However, the same results weren’t seen in the group following the non-varied routine, which didn’t stimulate significant growth in all regions of the muscle.
In some areas of the biceps and quadriceps, the varied exercise group saw roughly twice the increase in muscle thickness compared to the group that did the same exercises.
If you want to get into powerlifting, a strength training program should be centered around lifting heavy loads in the barbell bench press, squat and deadlift.
After all, that’s what powerlifting is all about – increasing your one-rep max in those three core movements.
That doesn’t mean you do only those exercises and nothing else. An effective strength training program designed to increase your one-rep max will also include a number of accessory lifts, based on the needs and goals of the individual.
But if you have no interest in powerlifting, and couldn’t care less about increasing your maximal strength, you’ll build a better physique by using a much larger range of exercises.
Training volume goes down rather than up. When you stop progressing on five sets of five reps, Stronglifts has you switch to 3 sets of 5 reps, then to 3 sets of 3, and eventually to 1 heavy set of 3 reps followed by a couple of lighter back-off sets.
In other words, when you hit a plateau, your training volume goes down. In the short term at least, you’ll probably notice that reducing volume leads to an increase in strength.
But that’s mainly because of a reduction in cumulative fatigue during a training session, as well as making it easier to recover from one training session to the next.
However, cutting back on the number of sets you do isn’t necessarily going to stimulate more hypertrophy, unless what you’d been doing prior to that reduction in volume was too much.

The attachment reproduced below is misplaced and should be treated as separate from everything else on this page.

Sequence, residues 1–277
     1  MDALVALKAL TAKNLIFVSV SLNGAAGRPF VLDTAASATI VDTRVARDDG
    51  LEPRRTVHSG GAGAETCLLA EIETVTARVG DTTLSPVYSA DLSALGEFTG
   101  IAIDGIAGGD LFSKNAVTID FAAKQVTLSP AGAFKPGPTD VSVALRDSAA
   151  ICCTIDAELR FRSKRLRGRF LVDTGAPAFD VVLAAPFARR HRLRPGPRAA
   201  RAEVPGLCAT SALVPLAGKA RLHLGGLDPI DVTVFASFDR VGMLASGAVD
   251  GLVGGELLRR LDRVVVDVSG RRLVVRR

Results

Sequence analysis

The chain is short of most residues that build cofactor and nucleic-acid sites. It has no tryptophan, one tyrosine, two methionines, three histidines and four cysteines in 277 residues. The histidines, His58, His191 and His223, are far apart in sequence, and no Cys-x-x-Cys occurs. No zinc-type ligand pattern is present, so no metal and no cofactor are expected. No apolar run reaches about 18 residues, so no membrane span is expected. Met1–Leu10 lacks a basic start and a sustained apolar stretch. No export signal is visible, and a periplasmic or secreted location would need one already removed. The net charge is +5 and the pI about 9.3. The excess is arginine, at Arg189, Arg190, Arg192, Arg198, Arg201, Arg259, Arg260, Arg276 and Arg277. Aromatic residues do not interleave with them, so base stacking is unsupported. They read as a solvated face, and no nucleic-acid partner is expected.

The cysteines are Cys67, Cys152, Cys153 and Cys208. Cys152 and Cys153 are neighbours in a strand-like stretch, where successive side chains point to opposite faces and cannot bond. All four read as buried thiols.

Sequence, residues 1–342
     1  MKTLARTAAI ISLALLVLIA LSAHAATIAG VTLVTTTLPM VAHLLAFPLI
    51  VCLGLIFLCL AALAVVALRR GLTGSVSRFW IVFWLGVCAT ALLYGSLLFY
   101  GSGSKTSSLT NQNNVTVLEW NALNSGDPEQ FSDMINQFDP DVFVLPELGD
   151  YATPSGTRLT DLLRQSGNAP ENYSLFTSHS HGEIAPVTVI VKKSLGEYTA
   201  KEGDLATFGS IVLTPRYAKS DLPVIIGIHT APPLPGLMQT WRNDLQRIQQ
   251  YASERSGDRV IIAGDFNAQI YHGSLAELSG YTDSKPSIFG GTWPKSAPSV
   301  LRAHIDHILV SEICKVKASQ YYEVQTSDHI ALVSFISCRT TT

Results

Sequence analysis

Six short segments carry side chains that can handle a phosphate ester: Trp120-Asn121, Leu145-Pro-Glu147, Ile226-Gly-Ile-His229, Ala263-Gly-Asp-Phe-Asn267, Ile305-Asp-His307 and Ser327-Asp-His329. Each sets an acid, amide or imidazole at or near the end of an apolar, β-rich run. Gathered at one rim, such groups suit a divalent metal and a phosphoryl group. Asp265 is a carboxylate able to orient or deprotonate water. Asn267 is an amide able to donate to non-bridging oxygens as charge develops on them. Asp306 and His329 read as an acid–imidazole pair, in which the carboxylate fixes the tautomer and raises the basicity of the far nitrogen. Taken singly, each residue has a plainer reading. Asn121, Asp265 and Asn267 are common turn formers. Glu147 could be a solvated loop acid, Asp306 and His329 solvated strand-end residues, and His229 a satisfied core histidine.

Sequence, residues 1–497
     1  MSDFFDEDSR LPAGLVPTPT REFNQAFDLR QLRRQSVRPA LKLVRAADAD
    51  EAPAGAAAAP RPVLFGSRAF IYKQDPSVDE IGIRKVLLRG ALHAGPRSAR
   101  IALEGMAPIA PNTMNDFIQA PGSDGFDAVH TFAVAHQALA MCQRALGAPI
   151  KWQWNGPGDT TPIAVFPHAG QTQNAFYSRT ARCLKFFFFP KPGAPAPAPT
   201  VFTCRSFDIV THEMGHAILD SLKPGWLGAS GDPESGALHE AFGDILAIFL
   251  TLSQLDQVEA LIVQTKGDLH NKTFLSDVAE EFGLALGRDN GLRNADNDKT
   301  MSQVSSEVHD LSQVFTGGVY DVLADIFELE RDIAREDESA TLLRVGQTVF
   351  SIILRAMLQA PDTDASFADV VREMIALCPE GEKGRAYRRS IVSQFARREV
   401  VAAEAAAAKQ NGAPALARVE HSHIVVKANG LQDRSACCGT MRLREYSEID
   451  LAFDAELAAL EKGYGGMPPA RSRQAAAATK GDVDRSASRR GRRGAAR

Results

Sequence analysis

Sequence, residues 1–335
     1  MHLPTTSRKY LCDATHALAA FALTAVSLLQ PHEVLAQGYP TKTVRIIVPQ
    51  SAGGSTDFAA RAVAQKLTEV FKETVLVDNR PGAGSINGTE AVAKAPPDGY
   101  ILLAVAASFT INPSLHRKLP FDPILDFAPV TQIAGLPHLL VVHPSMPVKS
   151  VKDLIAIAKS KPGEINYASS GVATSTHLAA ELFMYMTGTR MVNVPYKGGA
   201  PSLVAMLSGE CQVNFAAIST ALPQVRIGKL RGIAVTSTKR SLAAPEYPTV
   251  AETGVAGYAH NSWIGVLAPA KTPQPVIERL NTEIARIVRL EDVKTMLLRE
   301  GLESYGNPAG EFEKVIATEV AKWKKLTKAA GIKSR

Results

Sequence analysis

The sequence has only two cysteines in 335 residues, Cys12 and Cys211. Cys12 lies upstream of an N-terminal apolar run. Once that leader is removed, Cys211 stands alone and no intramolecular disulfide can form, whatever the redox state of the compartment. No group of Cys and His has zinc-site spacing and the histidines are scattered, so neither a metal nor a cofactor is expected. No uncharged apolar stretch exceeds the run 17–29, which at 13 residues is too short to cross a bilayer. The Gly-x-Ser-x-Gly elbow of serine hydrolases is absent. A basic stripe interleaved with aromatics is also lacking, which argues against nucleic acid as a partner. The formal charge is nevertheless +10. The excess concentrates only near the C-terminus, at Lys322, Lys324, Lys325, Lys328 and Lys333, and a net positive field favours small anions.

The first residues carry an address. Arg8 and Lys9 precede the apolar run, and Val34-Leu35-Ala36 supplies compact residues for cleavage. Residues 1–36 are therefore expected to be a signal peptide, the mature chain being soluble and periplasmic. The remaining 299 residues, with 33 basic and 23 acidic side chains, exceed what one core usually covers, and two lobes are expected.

If anything, you’re better off starting with less volume, and looking for ways to increase it when you hit a plateau, rather than the other way around.
Some muscles receive a lot more stimulation than others. In workout A, you’ve got a pushing exercise (bench press), a pulling exercise (bent-over row) and a leg exercise (squat).
Even with just those three exercises, you’re covering plenty of muscle groups.
- The barbell bench press hits the chest, shoulders and triceps.
- The barbell row is working your lats, biceps and rear delts.
- The squats take care of your quads, glutes and lower back.
Of course, there are some muscles that aren’t being trained directly, such as the calves. And the hamstrings aren’t going to grow much from squats. But overall, it’s a decent full-body workout that works most of the major muscles in the body.
The second workout, however, is a different story. Like the first training session, workout B starts off with the squat, but also includes the deadlift and overhead press.
While the overhead press hits the shoulders and triceps, it’s not doing much for the chest. Likewise, the lats and biceps aren’t getting a great deal of stimulation from the deadlift.
No vertical pulling exercises. Most exercises for your back can be put into one of two categories – a horizontal pull and a vertical pull. The barbell row is a horizontal row, and is an effective way to train the back. However, there are no vertical pulling exercises, like chin-ups or lat pulldowns.
If you took two different people, and got one of them to do a vertical pulling exercise like pull ups, while the other did a horizontal rowing exercise, like the barbell row, you’d expect to see more lat growth with pull ups.
Too much focus on the lower body. Squats are done three times a week, which means you’re hitting the legs three times a week. That’s fine.
But the bench press, overhead press, row and deadlift are performed three times every two weeks.
This doesn’t make a whole lot of sense. If you just want bigger legs and get better at squatting, it’s fine. But if you want a bigger upper body as well, chances are you’re leaving gains on the table.
On the Stronglifts 5×5 program, training frequency for the quads is fine. But for everything else, the upper body in particular, it’s less than ideal.
No isolation exercises. The default version of StrongLifts doesn’t include any isolation exercises. Mehdi says that compound lifts allow you to lift more weight than isolation exercises. And because you can lift more weight, you can build more muscle.